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Slavery, Civil Rights, and Abolitionist Perspectives Toward Prison

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Shawn Garrett

Professor Wesley Sims

English B1A

31 January 2011

Slavery, Civil Rights, and Abolitionist Perspectives toward Prison

In chapter two of "Are Prisons Obsolete?" author and antiprison activist Angela Davis, tries to frame and demonstrate the connection between prison and other similar institutions, for example, hardships of blacks, in early America. Davis argues that people of the time of slavery, segregation, lynching, and convict lease systems and such, thought those normality's would never come to cease. Furthermore, Davis considers that prisons have become as natural to the society. Similar to these earlier establishments, Davis concludes that prisons could possibly face the same result: abolishment.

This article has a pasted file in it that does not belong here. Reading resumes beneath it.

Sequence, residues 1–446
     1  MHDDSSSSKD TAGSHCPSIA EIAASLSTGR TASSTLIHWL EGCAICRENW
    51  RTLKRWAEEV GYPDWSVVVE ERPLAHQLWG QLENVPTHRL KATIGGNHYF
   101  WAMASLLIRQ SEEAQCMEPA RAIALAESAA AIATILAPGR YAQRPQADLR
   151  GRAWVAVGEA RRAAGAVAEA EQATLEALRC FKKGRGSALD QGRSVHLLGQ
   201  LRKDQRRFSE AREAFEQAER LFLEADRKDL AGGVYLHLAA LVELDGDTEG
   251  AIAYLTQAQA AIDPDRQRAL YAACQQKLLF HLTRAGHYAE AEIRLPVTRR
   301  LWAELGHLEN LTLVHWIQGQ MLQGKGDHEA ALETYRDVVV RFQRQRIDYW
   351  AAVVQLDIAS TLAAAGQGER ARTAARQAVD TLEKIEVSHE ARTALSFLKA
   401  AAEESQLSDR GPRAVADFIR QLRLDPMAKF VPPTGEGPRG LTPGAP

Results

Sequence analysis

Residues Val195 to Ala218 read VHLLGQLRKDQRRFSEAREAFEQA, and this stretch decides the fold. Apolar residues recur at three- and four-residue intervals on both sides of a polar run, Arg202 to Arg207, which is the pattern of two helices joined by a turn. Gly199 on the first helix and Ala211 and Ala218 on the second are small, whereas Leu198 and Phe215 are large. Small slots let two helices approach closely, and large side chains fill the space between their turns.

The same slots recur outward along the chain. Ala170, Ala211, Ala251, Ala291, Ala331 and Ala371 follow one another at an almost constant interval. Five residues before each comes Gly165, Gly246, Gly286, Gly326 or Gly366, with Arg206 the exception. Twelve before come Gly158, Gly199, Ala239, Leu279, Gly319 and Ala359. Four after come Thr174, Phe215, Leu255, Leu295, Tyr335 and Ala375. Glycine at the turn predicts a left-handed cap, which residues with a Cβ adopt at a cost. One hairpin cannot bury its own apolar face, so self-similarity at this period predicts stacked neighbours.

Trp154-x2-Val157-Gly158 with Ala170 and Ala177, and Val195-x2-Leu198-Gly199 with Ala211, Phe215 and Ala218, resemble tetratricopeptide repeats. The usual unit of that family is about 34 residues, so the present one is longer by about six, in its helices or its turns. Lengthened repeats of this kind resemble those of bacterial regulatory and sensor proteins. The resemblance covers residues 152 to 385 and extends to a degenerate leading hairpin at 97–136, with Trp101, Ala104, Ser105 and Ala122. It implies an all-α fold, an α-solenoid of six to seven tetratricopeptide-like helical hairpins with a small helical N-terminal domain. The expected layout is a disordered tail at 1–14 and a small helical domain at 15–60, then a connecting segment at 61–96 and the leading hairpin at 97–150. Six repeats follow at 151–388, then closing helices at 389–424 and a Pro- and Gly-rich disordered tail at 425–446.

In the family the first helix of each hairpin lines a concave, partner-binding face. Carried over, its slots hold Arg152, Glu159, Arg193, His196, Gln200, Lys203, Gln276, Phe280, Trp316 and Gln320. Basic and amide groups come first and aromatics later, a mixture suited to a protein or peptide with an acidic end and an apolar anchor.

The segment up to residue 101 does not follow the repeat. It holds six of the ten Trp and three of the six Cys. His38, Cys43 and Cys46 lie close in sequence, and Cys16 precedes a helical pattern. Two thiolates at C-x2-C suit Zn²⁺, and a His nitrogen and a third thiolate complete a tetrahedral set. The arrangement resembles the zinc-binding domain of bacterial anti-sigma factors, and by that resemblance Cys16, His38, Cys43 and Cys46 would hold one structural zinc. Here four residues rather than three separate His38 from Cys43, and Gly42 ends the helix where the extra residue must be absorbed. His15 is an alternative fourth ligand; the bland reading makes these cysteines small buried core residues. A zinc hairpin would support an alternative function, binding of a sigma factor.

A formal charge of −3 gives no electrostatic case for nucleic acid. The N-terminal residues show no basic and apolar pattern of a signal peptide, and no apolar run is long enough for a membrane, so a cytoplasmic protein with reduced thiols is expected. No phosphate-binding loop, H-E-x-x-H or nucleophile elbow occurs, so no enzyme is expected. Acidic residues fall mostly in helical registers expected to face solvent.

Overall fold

Davis refers to three abolition campaigns mentioned in this chapter to further support her argument: slavery, lynching and segregation. Davis displays relevant examples of these "racist institutions" and how they go hand and hand with prisons. Davis points out that these institutions at some point were considered abolished. Yet, traces of slavery, segregation and lynching were still present. Davis provides the examples of the Thirteenth Amendment and the Black Codes. Black Codes were a revision of the Slave Codes in which blacks peoples lives would still be manipulated as if they never left slavery. Davis illustrates things such as absence from work, insulting gestures or acts, and etc as crimes that only blacks were persecuted for. Davis also mentions the exception of involuntary servitude in the Thirteenth Amendment. This exception stated that if someone, particularly blacks, were to commit any crime, they were subjected to involuntary servitude. Davis points out that racism towards blacks never really diminished. Davis then asks "Is racism so deeply entrenched in the institution of the prison that it is not possible to eliminate one without eliminating the other?" (26). Davis' question offers a beneficiary aspect to the world. She is possibly suggesting one step to doing away with racism is to end prisons overall.



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